Use the potty – This may take a year for your child to perfect. Once your child is aware of her body feelings and able to communicate when she needs to go to the potty, lead her to the location where she can go to poop, until she does it by herself
Wash face – This skill does not only enable your child to make herself look clean, but can start her to make a habit of caring for her skin.
Brush teeth – It’s important for your child to take care of her teeth throughout her life, and this should be taught to her early. Teach your child to brush not only the front but all surfaces of the teeth. If possible, teach her how to floss.
Pick up toys, clean up after playing – Having a mindset of being tidy can be a trait that your child can take into adulthood, that’s why it’s important to teach him to clean up after himself early. You can also teach your child to sort, by size or type of toy.
Put dirty clothes in hamper – Another skill important to make your child appreciate cleanliness is being able to determine if his clothes need to be changed, and where to put it to be washed.
Dust using rag or duster – Teaching this skill to your child starts her off in her ability and inclination to keep her house and surroundings clean. Teach your child how to clean a surface thoroughly and not just do this perfunctorily.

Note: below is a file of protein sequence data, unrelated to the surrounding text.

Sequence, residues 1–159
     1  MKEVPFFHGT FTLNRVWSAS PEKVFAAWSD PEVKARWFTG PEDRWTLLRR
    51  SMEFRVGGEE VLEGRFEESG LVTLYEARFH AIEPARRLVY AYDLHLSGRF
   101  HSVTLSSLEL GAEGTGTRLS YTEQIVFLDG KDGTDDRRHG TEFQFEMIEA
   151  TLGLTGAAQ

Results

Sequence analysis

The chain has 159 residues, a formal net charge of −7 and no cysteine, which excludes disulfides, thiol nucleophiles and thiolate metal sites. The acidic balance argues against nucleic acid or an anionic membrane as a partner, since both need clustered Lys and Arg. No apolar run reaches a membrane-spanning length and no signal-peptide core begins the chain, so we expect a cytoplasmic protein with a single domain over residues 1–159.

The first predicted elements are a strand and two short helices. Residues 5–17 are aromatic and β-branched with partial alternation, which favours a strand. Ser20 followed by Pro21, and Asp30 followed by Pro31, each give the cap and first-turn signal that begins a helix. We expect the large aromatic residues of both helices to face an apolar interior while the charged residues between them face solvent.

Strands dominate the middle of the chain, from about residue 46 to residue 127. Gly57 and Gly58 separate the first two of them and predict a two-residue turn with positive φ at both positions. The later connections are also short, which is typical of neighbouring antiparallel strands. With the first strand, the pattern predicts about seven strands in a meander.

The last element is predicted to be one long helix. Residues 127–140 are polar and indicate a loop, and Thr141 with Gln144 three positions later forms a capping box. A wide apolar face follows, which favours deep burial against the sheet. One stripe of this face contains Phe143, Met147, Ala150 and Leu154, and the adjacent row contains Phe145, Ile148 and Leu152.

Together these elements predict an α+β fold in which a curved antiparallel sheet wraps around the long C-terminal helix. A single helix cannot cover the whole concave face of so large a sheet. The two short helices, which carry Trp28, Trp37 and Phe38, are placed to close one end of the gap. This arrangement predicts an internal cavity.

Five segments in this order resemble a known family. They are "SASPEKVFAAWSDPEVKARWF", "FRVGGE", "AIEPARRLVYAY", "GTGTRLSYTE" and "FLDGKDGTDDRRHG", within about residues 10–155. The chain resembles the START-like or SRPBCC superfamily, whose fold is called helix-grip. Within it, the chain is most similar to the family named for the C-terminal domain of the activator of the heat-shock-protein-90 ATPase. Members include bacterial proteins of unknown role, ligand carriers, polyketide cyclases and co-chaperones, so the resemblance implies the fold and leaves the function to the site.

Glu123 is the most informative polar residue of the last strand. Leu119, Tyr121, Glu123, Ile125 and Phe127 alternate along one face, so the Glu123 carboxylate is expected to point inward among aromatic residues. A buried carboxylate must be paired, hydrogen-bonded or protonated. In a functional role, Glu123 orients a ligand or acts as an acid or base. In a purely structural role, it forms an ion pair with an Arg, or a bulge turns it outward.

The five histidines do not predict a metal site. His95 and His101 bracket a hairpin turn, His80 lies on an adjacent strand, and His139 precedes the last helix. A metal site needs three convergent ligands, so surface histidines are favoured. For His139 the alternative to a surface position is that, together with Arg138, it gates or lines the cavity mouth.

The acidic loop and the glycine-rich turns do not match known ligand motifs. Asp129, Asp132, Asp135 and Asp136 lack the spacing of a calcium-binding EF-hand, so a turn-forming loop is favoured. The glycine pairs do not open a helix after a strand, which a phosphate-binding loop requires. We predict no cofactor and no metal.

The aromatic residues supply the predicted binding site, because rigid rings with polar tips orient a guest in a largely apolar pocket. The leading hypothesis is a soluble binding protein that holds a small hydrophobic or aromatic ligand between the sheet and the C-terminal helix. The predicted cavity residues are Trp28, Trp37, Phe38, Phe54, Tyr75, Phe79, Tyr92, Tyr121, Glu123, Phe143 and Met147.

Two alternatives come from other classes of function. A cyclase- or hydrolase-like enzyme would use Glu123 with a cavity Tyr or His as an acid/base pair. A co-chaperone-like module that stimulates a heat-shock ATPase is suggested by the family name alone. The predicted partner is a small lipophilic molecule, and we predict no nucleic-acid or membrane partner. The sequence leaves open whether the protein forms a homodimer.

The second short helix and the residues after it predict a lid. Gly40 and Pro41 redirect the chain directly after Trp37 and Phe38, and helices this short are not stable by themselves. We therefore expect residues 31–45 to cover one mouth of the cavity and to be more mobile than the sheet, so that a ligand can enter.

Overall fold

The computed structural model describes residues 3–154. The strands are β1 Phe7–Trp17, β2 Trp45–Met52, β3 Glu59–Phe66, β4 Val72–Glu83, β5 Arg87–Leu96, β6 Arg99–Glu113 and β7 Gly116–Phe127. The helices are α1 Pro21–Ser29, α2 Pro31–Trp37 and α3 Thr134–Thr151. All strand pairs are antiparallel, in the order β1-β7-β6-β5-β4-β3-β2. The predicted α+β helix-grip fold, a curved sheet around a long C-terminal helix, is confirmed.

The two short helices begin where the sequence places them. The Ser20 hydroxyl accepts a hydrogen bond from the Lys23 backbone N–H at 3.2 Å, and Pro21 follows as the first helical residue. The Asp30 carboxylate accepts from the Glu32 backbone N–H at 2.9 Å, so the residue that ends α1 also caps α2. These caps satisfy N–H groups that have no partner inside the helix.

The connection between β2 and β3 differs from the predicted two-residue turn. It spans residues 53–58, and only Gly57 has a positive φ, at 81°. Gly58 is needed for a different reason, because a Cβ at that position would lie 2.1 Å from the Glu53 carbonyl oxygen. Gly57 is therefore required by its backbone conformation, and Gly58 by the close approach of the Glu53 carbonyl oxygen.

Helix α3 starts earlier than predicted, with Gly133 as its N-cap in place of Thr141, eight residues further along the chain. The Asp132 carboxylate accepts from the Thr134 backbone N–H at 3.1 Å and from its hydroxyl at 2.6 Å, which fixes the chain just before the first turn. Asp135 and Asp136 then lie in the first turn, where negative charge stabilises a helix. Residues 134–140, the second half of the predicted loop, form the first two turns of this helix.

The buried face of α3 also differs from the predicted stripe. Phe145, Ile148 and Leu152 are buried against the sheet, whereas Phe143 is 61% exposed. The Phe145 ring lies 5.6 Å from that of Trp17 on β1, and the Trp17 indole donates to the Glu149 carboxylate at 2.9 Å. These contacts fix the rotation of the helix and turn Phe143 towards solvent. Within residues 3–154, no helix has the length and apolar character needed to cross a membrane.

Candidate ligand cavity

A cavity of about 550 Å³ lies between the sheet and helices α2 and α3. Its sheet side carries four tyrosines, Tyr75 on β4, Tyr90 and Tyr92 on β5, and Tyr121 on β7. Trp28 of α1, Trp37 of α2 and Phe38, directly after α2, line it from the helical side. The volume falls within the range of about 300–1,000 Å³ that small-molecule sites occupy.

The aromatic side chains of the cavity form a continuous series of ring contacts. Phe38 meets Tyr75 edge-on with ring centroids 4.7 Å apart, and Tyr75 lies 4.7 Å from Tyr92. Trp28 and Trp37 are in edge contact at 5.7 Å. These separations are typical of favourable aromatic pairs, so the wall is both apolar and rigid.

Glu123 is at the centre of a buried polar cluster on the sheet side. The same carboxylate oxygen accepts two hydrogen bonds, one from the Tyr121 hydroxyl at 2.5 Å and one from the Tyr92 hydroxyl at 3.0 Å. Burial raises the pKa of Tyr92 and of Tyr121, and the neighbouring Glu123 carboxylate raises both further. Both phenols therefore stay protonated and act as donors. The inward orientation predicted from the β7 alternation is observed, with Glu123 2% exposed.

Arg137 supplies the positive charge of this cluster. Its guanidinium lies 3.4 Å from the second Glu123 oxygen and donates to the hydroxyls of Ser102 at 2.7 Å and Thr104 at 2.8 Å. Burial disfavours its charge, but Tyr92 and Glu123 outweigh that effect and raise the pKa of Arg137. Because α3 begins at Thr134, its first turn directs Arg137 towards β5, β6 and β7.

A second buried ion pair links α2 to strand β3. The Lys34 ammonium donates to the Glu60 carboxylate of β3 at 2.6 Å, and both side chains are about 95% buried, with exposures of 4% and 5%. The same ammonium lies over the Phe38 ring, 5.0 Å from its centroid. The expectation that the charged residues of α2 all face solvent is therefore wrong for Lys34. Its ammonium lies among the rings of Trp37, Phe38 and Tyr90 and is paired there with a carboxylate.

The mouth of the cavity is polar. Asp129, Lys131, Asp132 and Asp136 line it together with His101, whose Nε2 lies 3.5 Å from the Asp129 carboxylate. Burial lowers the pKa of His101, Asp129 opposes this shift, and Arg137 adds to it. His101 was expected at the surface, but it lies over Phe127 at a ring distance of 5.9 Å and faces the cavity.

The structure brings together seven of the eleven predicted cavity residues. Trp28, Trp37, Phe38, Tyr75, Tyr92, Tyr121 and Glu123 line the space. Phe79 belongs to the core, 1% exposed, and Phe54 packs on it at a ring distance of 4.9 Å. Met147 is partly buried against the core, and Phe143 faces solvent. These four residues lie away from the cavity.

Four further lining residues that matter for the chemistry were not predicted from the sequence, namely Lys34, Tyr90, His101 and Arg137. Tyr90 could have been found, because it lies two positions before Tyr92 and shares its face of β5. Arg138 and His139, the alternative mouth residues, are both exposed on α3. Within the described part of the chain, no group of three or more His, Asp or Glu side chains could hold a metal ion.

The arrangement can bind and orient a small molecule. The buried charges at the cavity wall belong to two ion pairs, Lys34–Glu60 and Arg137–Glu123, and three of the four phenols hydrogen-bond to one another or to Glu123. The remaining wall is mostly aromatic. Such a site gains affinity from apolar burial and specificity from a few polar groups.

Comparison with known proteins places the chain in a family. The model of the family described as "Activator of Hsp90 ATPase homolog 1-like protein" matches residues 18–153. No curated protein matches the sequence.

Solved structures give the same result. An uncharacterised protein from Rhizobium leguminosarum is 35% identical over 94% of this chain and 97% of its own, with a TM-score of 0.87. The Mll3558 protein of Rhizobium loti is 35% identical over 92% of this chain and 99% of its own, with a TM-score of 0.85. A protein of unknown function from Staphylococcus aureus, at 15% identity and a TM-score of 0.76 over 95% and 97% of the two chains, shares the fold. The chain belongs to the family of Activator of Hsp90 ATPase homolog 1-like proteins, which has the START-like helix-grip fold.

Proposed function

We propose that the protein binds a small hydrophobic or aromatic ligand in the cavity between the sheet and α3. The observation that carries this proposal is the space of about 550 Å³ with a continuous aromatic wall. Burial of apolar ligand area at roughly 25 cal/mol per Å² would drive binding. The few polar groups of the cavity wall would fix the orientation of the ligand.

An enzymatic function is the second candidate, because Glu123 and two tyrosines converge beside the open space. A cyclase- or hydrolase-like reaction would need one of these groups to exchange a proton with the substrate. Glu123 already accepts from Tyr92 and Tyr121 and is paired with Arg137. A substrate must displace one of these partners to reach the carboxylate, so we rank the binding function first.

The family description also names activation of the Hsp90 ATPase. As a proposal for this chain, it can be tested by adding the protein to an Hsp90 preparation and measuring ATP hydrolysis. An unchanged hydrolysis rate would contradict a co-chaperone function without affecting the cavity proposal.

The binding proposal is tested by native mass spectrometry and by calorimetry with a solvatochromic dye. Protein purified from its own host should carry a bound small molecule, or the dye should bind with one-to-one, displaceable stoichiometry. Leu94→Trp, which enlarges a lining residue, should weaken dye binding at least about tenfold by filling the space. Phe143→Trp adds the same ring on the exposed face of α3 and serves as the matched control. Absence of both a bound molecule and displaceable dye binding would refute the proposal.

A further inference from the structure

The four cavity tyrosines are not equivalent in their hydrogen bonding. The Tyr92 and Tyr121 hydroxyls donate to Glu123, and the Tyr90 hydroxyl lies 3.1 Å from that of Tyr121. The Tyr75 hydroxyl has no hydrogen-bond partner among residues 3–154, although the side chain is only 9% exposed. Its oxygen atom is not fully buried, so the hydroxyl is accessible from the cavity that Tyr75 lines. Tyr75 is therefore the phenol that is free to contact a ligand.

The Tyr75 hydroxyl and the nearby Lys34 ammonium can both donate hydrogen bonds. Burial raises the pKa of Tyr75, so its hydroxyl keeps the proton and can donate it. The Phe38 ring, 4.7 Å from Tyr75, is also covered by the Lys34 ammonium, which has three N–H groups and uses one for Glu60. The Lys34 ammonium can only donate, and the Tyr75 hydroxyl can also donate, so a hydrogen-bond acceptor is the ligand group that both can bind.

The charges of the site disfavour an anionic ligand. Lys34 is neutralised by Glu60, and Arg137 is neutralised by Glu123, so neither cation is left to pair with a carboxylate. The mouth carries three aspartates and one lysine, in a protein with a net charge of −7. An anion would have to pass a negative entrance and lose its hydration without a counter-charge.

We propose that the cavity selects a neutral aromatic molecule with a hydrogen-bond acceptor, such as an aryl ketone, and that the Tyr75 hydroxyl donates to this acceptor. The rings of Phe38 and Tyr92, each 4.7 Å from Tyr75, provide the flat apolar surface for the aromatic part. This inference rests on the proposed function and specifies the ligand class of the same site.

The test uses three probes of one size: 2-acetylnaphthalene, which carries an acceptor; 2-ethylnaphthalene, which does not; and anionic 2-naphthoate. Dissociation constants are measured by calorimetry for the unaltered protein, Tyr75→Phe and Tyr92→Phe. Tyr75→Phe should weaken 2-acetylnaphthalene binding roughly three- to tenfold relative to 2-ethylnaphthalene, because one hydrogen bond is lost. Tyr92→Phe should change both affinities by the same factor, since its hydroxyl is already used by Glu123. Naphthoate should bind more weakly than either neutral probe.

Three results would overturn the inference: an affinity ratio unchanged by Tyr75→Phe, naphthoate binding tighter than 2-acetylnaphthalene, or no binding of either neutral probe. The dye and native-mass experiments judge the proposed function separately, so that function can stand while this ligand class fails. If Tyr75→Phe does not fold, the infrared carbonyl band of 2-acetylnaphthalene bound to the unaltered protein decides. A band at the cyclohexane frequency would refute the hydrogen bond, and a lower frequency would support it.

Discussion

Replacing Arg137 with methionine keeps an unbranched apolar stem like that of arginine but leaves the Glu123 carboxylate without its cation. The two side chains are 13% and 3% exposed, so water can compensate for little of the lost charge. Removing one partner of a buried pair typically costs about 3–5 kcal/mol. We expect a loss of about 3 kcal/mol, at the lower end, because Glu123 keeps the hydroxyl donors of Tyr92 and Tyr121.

Pour from small pitcher – Helps your child learn to give herself water when she experiences thirst
Carry plate to sink after meal – Another way to teach your child to clean up after herself, and that there are things that she needs to do by herself, and not depend on her parents to do it for her.
Know emergency number – Teach your child to dial 911 or if possible, how to dial family’s phone number from a list prominently displayed in your home. It could save lives.
Talk about her feelings – Encourage your child to talk and describe how she feels about situations and things. This can help her begin to acquire effective communication skills, and be able to express her feelings which may help her future mental health.